Some, or most, trans people face barriers that their cisgender counterparts don’t, even when we consider the intersections of other social identities, such as age, race/ethnicity, class, etc. Cisgender simply refers to people who still identify as the gender they were assigned at birth. These barriers make it harder for trans people to survive, earn a degree, and land a job. So what are these barriers?

Individual trans people can tell you their own experiences and share the commonalities within their own community, if they have one at all. Some trans folk don’t. The results of the National Transgender Discrimination Survey were released in 2011 by the National Center for Transgender Equality and the National LGBTQ Task Force, with the next survey’s results to be released later this year. This survey found (or rather confirmed) that trans people experience discrimination, harassment, and violence in almost every aspect of their lives and usually at rates much higher than their cisgender counterparts. Below are some key findings, and you can find the link to the full report in the references section:

SCHOOL

  • Those who expressed a transgender identity while in grades K-12 reported alarming rates of harassment (78%), physical assault (35%) and sexual violence (12%); harassment was so severe that it led almost one-sixth (15%) to leave school or college.

EMPLOYMENT

  • Survey respondents experienced unemployment at twice the rate of the general population at the time of the survey, with rates for Black transgender people being four times the national rate, and other trans people of color at elevated rates.

WORK

  • Ninety percent (90%) of those surveyed reported experiencing harassment, mistreatment or discrimination on the job or took actions like hiding who they are to avoid it.
  • Over one-quarter (26%) reported that they had lost a job due to being transgender or gender non-conforming and 50% were harassed.
  • Sixteen percent (16%) said they had to work in the underground economy for income such as doing sex work or selling drugs.
  • The vast majority (78%) of those who transitioned from one gender to the other reported that they felt more comfortable at work and their job performance improved, despite high levels of mistreatment.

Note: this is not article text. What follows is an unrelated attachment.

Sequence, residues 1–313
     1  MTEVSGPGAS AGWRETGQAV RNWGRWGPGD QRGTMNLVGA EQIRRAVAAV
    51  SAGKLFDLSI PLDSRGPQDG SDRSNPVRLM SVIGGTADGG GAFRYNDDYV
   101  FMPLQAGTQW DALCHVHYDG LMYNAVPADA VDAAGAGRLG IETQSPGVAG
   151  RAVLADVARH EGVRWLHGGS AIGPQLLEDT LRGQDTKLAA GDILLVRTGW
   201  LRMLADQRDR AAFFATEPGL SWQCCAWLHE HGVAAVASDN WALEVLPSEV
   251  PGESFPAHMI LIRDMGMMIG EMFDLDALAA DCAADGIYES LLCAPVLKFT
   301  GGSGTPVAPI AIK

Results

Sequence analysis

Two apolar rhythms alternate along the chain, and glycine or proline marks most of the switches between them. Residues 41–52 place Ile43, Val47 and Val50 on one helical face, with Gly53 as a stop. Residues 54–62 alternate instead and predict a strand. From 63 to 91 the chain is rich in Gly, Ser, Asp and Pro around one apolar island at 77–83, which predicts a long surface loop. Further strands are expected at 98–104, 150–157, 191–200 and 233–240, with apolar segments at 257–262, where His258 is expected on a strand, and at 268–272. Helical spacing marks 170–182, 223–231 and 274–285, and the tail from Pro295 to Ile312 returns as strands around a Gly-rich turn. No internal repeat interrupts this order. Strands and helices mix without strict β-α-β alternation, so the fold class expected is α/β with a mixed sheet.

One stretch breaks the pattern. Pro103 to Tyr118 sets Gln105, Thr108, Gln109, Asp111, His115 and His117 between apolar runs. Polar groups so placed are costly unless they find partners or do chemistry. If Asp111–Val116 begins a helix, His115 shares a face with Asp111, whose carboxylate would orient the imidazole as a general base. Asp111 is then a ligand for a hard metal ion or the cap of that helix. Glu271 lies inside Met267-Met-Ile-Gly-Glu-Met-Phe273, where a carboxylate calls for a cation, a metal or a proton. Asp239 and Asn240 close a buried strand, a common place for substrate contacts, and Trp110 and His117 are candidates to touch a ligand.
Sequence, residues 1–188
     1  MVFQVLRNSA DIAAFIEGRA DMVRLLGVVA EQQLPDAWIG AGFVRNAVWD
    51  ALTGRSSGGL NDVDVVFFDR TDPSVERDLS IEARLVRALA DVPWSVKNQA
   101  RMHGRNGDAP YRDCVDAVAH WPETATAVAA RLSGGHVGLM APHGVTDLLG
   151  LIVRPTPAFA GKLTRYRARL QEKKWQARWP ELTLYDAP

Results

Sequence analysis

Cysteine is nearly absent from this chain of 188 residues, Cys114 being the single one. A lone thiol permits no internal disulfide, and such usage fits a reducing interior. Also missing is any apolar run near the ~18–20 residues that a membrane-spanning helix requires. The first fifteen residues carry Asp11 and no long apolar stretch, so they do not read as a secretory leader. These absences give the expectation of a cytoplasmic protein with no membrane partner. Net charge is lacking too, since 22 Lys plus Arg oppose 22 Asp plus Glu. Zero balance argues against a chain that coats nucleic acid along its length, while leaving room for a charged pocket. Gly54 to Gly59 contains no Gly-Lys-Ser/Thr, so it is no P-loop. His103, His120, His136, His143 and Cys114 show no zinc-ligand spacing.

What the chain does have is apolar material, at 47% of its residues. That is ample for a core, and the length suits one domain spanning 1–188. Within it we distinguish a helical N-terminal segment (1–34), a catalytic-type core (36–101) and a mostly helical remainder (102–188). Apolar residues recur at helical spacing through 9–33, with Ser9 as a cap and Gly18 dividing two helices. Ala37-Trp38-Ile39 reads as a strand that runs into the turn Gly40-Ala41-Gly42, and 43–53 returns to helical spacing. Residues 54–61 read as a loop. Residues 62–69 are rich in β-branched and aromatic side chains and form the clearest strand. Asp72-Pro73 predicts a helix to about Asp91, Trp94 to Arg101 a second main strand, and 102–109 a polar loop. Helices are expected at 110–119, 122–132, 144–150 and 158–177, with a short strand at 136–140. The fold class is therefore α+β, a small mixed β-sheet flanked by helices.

SUICIDE

  • A staggering 41% of respondents reported attempting suicide, compared to 1.6% of the general population.

IDENTITY DOCUMENTS AND HARASSMENT

  • Of those who have transitioned gender, only one-fifth (21%) have been able to update all of their IDs and records with their new gender.
  • Forty percent (40%) of those who presented ID (when it was required in the ordinary course of life) that did not match their gender identity/expression reported being harassed, 3% reported being attacked or assaulted, and 15% reported being asked to leave.

HEALTH CARE

  • Nineteen percent (19%) of the sample reported being refused medical care due to their transgender status, with even higher numbers among people of color in the survey.

Many of these aspects of life feed into each other. Not graduating high school or college reduces opportunities for success in the workplace. Being refused medical care, even for non-transitional medical purposes such as injuries and illness, can affect one’s ability to go to school, work, or hold a job. Not being able to update all of one’s legal documentation can out a trans person and cause further discrimination in the interviewing and employment process. So on and so forth.

Now that we know some of the barriers, what can we do to eliminate them?

Individual Level:

  • Get into the practice of asking every one their pronouns when you first meet them. Include your personal pronouns on your email signature, on your nametags, in meeting introductions, on your business cards, and on/under your office name plate. If you need more practice with using pronouns, visit sites such as www.practicewithpronouns.com to review.
  • Learn about the trans experience by doing your own research. Start with a Google search and expand from there. Keep in mind that the trans experience is not monolithic, meaning that no all trans people experience the same things. Seek out diverse representations.